the view of our family room at first sight

the playroom section

what’s really going on behind that couch
my hubby’s office space camouflaged behind a home-made partition


                                                           Another DYI: extra seating

This seemed like a no-brainer, but it took me a few years to give this hope chest a second job. I really don’t like have too much furniture, so the items that make the cut generally serve more than one purpose. Mr. B and I bought this hope chest (used) pre-kids and it has faithfully held our extra blankets and stuff for years. When I was rearranging the family room recently (rearranging/swapping furniture is a cheap way to renew your space every few years), I decided we needed an extra spot to plant little “seats.” I touched up the finish on the old chest, added a cushion and here ya go.


                                               One More DYI: Umbrella Stand

We have a badminton net that has been relocated at least half a dozen times. The tie-downs it came with have long ago disintegrated and who knows where the metal anchor pins ended up. Since I am all about being frugal and making things last a LOOOONNNGGGG time, I asked my handy hubby to make something more permanent but also easily movable. With a few 5 gallon buckets (we own more of those than any normal person needs), pieces of PVC pipe and a bag of cement, he created these great stands for our nets and our porch umbrella. They are heavy, but that keeps them firmly planted upright and they aren’t so heavy that the big people around here can’t move them when necessary.

the PVC pipe is cemented in the center so the umbrella can be slipped in and out


                                            A Book That I Must Have for My Library

A few months ago we attended the annual Ignited By Truth Conference in Raleigh, NC and we were privileged to hear Jennifer Fulwiler speak. Ms. Fulwiler, of Conversion Diary blog, has now penned a book about her conversion from atheism to Catholicism. My 12 year old daughter was so taken by Ms. Fulwiler that she has been asking to purchase her recently published story, Something Other Than God.  Don’t tell my daughter, but I am planning to put this purchase on top of the to-buy list come pay day.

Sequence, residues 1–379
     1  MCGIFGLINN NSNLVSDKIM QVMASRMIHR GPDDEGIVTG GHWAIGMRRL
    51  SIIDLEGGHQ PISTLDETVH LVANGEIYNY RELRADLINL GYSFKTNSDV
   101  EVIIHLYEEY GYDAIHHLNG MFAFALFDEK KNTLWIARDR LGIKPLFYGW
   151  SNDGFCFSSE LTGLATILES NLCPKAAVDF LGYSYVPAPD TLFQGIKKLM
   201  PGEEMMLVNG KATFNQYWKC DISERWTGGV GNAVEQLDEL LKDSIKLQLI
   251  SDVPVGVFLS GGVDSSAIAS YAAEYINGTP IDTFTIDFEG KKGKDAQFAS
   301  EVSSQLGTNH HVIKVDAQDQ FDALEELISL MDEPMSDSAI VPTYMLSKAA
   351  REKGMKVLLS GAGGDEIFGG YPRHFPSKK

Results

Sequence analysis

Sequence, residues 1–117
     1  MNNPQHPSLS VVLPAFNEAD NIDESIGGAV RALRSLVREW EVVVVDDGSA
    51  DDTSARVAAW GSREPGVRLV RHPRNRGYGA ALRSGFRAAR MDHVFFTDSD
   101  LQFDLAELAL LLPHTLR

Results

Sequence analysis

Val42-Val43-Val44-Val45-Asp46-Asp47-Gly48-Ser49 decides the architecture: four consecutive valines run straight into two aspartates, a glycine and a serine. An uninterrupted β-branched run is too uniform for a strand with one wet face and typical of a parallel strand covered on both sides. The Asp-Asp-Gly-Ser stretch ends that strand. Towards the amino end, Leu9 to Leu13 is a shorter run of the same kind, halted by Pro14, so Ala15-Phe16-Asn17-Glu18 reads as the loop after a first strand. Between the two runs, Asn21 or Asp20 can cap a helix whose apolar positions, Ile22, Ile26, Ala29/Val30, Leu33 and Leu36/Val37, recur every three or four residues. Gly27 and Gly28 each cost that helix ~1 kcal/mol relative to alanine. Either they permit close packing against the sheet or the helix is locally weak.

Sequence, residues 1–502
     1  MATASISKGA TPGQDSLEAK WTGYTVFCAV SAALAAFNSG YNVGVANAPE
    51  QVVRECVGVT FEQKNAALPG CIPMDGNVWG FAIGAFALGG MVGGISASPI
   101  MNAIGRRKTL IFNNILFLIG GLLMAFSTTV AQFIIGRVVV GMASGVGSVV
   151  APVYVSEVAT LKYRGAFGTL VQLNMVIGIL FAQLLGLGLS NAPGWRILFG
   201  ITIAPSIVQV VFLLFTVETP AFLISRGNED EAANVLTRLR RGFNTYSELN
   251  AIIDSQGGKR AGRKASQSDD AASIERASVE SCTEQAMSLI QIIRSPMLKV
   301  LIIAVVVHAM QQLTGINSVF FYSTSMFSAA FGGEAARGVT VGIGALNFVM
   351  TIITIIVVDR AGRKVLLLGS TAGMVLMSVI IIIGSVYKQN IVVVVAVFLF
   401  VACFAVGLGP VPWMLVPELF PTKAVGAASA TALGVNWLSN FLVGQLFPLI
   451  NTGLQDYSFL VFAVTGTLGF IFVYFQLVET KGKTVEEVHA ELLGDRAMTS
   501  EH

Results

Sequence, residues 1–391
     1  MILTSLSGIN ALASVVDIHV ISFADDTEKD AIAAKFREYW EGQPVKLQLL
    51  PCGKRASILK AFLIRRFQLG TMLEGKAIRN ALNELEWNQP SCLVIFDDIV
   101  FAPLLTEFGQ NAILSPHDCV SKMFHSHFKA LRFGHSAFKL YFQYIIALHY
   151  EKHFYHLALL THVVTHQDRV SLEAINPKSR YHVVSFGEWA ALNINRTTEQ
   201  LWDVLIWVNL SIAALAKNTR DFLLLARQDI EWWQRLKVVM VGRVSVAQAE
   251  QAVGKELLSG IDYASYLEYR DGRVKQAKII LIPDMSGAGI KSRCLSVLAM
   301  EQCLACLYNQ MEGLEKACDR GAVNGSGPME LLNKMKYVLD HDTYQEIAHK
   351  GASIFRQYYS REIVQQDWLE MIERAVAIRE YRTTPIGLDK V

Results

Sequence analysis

The BIG Fibber

If you need evidence to secure a conviction than my 5 year old hasn’t got a prayer. This little ball of energy and wit keeps us ever wondering and sometimes worrying. So, when I heard another ruckus just the other night I was expecting anything from blood to broken bones. I reached the dining room just after Daddy managed to rescue the said child who’d been hanging by an arm and a foot from the second floor railing.  No less than 100 times we have implored, forbidden and begged him not to slide down the banister. On this evening, our threats came to fruition as his sliding feat turned dangerous when he slipped too far over the side. The ridiculous thing is that he insisted we (all nine of us) were wrong because he was NOT sliding down the banister. He had no other alibi than to